The primary vocation of this institution, in accordance with the testamentary provisions of its numerous legatees, is to maintain the religious communities which serve its five churches (community of St. Louis, convent and rectorate of Trinité-des-Monts, the national chapel of France in Loreto).
The Church of St. Louis of the French
Famous for its ample facade, its profusion of marble and interior gilding, it is undoubtedly the paintings by Caravaggio in the chapel dedicated to St. Matthew which make the church of St. Louis of the French one of the most popular in Rome.
Dedicated to the Virgin Mary, St. Denis the Areopagite, and St. Louis IX King of France, the church is today the premier gathering place of the French Catholic community in Rome.
It is placed under the supervision of the French Embassy to the Holy See, within the Pious Establishments.
Under the pontificate of Sixtus IV, the French community in Rome took the initiative to erect one of the largest French churches in Rome. Until then, the French met near St. Peter’s Basilica, in the chapel of St. Petronilla.
On April 2, 1478, the bull of Sixtus IV formalized the birth of this new church in the heart of the Eternal City. Between Place Navona and the Pantheon, the church and the French confraternity taking the name of St. Louis IX, in reference to the King of France.
It was not until August 12, 1518 that Cardinal Julius de Medici – future Pope Clement VII – laid the first stone in the presence of Pope Leo X. The building and the facade are the result of the joint architectural work by Giacomo della Porta and Domenico Fontana.
The church was completed in 1589 thanks to the financial support of Cardinal Mathieu Cointerel, Henry II, Henry III, and Catherine de Medici. On the other hand, the interior decoration did not reach its final stage until 1764, after many architectural adventures.
The facade of Saint-Louis des Français
Responsible for the project, Giacomo della Porta entrusted his project manager Domenico Fontana and the stonemason Marcantonio Busi with the construction of the facade of Saint-Louis-des-Français.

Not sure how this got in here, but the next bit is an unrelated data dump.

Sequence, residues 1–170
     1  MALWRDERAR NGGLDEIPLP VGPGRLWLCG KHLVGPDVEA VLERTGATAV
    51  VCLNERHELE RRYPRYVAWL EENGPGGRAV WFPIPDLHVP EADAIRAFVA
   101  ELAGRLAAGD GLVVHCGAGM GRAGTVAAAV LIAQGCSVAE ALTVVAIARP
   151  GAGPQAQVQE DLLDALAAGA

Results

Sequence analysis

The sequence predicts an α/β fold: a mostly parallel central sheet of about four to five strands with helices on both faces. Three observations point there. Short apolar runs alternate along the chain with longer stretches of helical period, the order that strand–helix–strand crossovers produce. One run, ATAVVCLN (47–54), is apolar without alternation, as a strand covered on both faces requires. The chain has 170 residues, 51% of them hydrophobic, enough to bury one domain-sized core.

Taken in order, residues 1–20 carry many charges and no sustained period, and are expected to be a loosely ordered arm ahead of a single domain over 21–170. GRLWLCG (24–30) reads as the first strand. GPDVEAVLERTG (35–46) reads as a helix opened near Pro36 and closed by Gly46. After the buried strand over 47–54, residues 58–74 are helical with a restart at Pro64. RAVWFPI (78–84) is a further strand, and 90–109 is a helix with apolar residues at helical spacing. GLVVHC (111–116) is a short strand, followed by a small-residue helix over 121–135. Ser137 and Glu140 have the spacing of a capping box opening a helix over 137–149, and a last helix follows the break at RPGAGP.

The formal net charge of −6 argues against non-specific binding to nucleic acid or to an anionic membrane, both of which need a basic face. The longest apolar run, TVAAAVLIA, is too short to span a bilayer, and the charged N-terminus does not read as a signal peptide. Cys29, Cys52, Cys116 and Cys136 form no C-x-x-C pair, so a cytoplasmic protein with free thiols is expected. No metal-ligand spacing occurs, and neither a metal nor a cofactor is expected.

Extended horizontally, ennobled with travertine and surmounted by a triangular pediment, the architecture of the facade draws its inspiration from Michelangelo: long bay window and a main portal.
Sculptural elements recall the French history of the church: the marble coat of arms of the Arms of France, the bas-reliefs of the Salamanders (insignia of Francis I), the statues in the four niches of St. Clothilde, St. Jean of Valois, Louis IX, and Charlemagne.
The Interior Decor of the Church
Designed by the Lyon architect Antoine Derizet, the interior lines are rather classic while the details are baroque. The church consists of three central naves without transept, five side chapels on either side of the naves, a choir, and a sacristy.
The mottled Sicilian marble cladding, the white and gold stucco coffered vault, the two majestic organs on the entrance wall and the fresco of the Apotheosis of Saint-Louis make the whole thing admirable.
The series of ten chapels is full of paintings, frescoes and other sumptuous decorations. Dedicated to St. Denis, St. Cécile, St. Jean Valois, St. Louis IX, St. Sebastian, to the Immaculate Conception and to the confraternity of Lorraine, many renowned artists participated in their creation, the most famous among them being Michelangelo Merisi known as Caravaggio.
Caravaggio and St. Matthew’s Chapel
The decoration of St. Matthew’s Chapel, the fifth in the left nave, went through many adventures before being the site of the famous Caravaggio paintings.
In 1599, the Congregation of St. Louis not seeing the work of this chapel succeed (the frescoes of the side walls of the Cavalier d'Arpin - remaining unfinished) called on the young Caravaggio to finish the execution.
Caravaggio then made the famous paintings “The Vocation” and “The Martyrdom of St. Matthew,” and “St. Matthew and the Angel.” There is no doubt that the year 1599 marks a turning point in the pictorial vocation of Caravaggio, who then turned to a painting of the Sacred where emotion and narration are combined.